Fats, oils and grease (FOGs) are still making it down our drains and into our sewers where they cool and coagulate, mixing with wet wipes and other solid matter to form fatbergs over time. Not only do these fatbergs make it much more likely for our drains to overflow, sending raw sewage straight into our waterways, but each fatberg also costs £100,000 for water companies to remove.
Fatbergs are a big problem. Luckily, there are many ideas and inventions currently at work attempting to stop them from popping up.
Besides the trusty and traditional grease trap, food businesses can now indulge in add-ons such as bio-dosers, which use chemical or bacterial mixtures to break down FOG in drains or in traps.
Meanwhile, water companies are spreading the word not only amongst food businesses but – fully aware that household FOG waste is a major contributor to the fatberg problem - amongst the general public too. As a result, we now all know not to flush anything except the 3Ps (pee, poo and paper), and we all know that pouring FOG down the plughole is never a good idea.
And many more initiatives have gone a step further - by making it easier for members of the public to properly dispose of their fats, oils and grease. Recently, we’ve seen councils across the country encourage people to store up their FOG in plastic bottles and put it out with their food waste on collection day.
But there may be another method of FOG waste collection which we’ve seen tried out in the last few years, and which may yet prove a powerful force in fighting fatbergs:
Back in 2015, Sainsbury’s teamed up with Scottish Water, Olecco and Zero Waste Scotland to figure out how to get the public recycling oil.
Together, they set up a trial-run of cooking-oil collection banks in the carparks of seven Scottish Sainsbury’s in Leven, Kirkcaldy, Linlithgow and Edinburgh. In one of the first attempts to introduce oil banks, customers were invited to deposit their household fat, oil and grease waste in plastic bottles and dump them into the big bins the next time they visited for their weekly shop. The oil was then sent off to be converted into biofuels.
Two years later, in 2017, Norfolk City and South Norfolk Councils teamed up with Anglian Water and Living Fuels to launch a similar initiative called Keep It Clean. Their trial-run saw an initial five cooking oil banks set up in supermarket car parks across the two councils’ jurisdictions which were then joined by six more. Again, customers were encouraged to collect up their FOG and dispose of it properly.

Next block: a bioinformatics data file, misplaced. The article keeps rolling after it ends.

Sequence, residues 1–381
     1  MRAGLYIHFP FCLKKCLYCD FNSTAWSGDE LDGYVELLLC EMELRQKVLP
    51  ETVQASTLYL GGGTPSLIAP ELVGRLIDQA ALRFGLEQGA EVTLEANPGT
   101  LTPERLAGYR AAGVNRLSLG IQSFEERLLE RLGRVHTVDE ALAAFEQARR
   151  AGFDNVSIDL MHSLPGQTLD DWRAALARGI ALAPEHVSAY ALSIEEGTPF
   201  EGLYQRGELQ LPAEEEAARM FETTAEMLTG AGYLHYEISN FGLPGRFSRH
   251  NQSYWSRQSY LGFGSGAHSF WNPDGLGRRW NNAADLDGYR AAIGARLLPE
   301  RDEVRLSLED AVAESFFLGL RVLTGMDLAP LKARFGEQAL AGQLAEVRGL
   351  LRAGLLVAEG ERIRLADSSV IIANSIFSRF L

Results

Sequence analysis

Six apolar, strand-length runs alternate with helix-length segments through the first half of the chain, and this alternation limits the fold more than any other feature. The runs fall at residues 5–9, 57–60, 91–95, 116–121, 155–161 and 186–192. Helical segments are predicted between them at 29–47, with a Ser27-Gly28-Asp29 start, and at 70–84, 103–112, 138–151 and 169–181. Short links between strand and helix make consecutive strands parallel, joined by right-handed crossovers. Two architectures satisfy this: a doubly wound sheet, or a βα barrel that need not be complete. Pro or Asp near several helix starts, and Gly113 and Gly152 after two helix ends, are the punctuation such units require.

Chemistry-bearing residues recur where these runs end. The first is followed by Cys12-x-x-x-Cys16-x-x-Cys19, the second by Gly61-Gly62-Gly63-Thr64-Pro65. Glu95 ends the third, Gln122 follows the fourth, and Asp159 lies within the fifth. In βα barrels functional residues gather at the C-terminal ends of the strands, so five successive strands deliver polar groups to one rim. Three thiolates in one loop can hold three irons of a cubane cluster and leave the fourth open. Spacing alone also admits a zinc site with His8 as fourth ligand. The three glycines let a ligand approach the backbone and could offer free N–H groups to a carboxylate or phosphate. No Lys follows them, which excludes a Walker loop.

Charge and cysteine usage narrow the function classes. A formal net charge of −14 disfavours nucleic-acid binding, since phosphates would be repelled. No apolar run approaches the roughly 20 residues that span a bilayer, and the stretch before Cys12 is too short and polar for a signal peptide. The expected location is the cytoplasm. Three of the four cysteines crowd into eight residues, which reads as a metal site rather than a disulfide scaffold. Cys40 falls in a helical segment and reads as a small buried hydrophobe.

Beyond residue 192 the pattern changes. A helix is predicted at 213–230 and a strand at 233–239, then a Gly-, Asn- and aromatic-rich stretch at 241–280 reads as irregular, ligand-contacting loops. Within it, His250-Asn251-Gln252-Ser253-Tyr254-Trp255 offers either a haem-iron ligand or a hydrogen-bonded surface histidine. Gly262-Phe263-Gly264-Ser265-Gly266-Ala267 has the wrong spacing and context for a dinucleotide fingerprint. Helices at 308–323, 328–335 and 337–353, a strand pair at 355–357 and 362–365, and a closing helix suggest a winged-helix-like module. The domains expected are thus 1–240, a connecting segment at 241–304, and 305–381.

It Did Not Go To Plan
While the format was familiar – similar recycling banks for clothes and other waste are a common sight across the country – the users of the Norfolk oil banks didn’t quite catch the brief.
The Living Fuel workers tasked with emptying the oil banks began to find gas canisters and bits of broken glass in amongst the bottles of FOG. With the threat to health and safety evident for all to see, all eleven of the waste oil banks were removed, and the trial-run was abandoned.
It was a set-back. In fact, it was a set-back so severe that the idea of publicly accessible oil banks seems to have disappeared altogether. But, given the space of years it may be time to ask:
Why Did Oil Banks Not Work?
One answer may be promising for oil bank fans.
That is: they didn’t work because too few people knew what they were for. It was a lack of awareness which led to them being closed down.
Too few cared about FOG. Understandably: few have time to consider the implications of their FOG output or to wonder where the waste which goes down their drains eventually ends up.
That’s why the signs on the banks were not obeyed – and why foreign objects strayed into the wrong trash pile. The public were not ready for easily accessible fat, oil and grease disposal.
But, one day, will they be?
Could Oil Banks Return?
Oil banks may still be an idea worth pursuing.
In the long-term, if public awareness was the issue, they could make a return once more people know about the FOG problem – once recycling fats, oils and grease becomes as commonplace as recycling paper and plastic is now. While, as with most public recycling banks, misuse will remain inevitable, once more of the public are on-side, misuse will become less frequent.
In the meantime, the idea could still be handy for areas which are densely packed with small food businesses.
While fast food chains can easily handle the costs of having their FOG waste picked up by professionals on a regular basis, smaller food businesses can struggle to put together enough money on their own to make such regular pick-ups feasible.
Creating commercial cooking oil banks, accessible only to local businesses who are clued up and conscious of good grease management practices, could offer a solution. While many small food businesses already pool their FOG waste on an informal basis, pitching in together to have their fats, oils and grease picked up at the same time, commercial oil banks could formalise these local networks and make them easier to set up where they don’t already exist.
Oil banks could make grease management easier for the small food business owner. And making management easier is crucial if we’re going to find a solution to the FOG problem.
Providing accessible banks for small businesses struggling to make ends meet could just bring those teetering on the brink of not bothering with a grease trap onto the right side of the fight against fatbergs. And with them onside, spreading awareness amongst their customers and community, more of the public will get clued up, too.
Oil banks may not have worked in the recent past, but, working alongside the classic grease trap, Oil Banks Could Still Be The Future.